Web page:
Ben is an engineer by training and spent over 10 years in the Royal Engineers in the British Army career before moving to McKinsey. In 2002, he moved to Coca-Cola where he ran teams across Eastern Europe before turning around the Indian business leading 12,000 salespeople. Ben then moved to Google where was COO of UK and Ireland for 2 years before being promoted to COO Europe where he was responsible for writing the monetisation blueprint of Google’s various properties. This involved defining the role of ad units, properties, interactions with agencies and partners, and devising how auctions should work. Ben then ran a Yellow Pages turnaround before running an ad-tech business for 6 years which ran $200m of ad spend through the major technology platforms. Ben is the author of Marketing for CEO’s and is on the Board of The Oxford Foundry where he is a mentor and investor to multiple startups. Read moreView Profile Page
It is a real issue. A lot of people become a frontline manager because they’re awesome at doing a certain task. Then they become a leader, and they know they can do the task better than their team. Often, their instinct is just to do it. Sometimes, communicating is hard. You think the other person isn’t as smart as you, they come from a different skill set, or they’re just a bit slower than you. “Ah, I’ll just do it myself.”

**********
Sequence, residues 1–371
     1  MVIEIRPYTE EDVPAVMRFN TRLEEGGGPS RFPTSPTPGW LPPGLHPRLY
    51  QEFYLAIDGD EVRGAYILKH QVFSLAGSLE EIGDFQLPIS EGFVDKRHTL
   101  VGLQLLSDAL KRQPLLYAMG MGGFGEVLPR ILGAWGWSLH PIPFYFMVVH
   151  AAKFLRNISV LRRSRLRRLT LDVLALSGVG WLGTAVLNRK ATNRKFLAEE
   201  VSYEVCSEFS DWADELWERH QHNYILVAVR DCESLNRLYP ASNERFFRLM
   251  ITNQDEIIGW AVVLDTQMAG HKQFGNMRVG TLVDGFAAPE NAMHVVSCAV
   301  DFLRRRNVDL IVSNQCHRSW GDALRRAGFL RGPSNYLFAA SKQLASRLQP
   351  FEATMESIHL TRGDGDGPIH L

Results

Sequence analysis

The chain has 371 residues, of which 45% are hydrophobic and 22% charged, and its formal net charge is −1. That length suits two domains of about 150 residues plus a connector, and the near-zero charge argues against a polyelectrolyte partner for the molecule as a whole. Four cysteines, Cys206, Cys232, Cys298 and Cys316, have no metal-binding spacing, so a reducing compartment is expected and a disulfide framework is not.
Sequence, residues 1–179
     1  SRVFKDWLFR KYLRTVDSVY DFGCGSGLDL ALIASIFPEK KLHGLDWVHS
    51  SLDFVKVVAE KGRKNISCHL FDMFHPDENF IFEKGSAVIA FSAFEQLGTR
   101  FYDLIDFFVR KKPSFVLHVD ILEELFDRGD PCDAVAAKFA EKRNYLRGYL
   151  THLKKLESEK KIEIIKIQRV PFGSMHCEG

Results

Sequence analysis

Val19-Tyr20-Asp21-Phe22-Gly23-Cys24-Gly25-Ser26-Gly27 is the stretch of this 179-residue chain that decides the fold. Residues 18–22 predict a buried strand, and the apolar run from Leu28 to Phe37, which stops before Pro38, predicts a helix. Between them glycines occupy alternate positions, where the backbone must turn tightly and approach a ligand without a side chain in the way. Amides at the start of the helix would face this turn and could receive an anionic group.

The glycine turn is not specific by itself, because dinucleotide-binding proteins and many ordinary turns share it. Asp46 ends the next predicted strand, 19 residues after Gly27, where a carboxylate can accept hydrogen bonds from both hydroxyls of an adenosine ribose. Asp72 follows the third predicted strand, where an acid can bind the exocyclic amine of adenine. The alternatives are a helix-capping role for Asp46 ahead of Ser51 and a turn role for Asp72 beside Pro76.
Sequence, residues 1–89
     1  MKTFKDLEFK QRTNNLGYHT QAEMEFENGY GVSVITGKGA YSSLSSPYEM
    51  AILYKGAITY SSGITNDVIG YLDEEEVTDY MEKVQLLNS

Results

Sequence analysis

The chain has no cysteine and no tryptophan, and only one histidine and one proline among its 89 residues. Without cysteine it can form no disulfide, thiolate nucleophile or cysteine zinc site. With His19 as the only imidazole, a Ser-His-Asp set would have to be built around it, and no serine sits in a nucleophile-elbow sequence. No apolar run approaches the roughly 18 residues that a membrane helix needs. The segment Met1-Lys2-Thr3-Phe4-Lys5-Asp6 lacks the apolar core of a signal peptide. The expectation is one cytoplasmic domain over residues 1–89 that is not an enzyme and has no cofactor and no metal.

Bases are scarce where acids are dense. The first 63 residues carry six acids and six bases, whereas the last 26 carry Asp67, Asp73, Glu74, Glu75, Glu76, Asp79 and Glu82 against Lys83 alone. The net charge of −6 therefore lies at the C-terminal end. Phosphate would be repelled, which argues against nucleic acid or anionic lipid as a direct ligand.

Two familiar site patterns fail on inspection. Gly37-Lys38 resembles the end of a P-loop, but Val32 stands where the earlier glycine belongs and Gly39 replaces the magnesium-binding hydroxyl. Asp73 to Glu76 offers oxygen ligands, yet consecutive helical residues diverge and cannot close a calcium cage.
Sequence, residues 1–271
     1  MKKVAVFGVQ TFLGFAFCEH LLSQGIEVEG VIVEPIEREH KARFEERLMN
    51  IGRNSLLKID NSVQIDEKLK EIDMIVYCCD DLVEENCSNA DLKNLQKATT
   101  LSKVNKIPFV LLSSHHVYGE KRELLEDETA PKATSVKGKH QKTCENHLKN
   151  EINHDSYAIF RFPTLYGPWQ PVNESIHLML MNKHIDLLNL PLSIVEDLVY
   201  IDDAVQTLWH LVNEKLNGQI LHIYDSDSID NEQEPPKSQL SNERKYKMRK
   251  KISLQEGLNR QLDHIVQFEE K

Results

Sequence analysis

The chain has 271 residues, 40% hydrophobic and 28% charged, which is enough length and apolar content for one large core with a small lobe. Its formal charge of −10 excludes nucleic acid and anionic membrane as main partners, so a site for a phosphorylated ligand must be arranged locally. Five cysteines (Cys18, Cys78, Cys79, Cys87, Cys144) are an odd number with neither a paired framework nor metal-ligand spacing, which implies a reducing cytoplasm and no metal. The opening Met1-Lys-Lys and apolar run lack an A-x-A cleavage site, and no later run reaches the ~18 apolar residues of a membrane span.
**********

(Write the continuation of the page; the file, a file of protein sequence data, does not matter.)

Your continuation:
Ultimately, you have to realise that’s not your job as a leader. You have many direct reports, so simplistically, if you’ve got six direct reports, you should be giving them about a sixth of your time each. In reality, it’s not even a sixth; it’s probably a tenth because 40% of your time is talking to your boss, your peers, reflecting, improving your skills. If you’re only going to give each of your direct reports 10% of your time, you’ve got to make sure they’re capable of doing the job.
I’m an arch-pragmatist. If I want my whole team to be successful, I can’t do their jobs for them. In a perfect world, I’ll say, “I don’t want to do anything myself.” It’s almost trying to be lazy because that forces you to help your team be successful. There are some things that only the leader can do like talking to the press. They want to talk to the most senior person present, the CEO or the leader. It’s hard to delegate much of that. Hiring people and firing people is so important. You definitely shouldn’t delegate that, but you can delegate filtering candidate lists, some of the testing of skills, but ultimately, you need to make sure you give it enough time.
Deciding on the priorities; that’s too important to delegate. Delivering key presentations. Meeting the most important customers, prospects, or partners. There are some things you can’t delegate, but simplistically, try and delegate everything, but then challenge yourself with what’s left. The good news is when you get to a point where you think you can delegate everything, you can then pick and choose what you bring back, whereas if your default is to try and do your team’s work for them, you’re probably doing too much tactical stuff and not focusing on what you should be doing.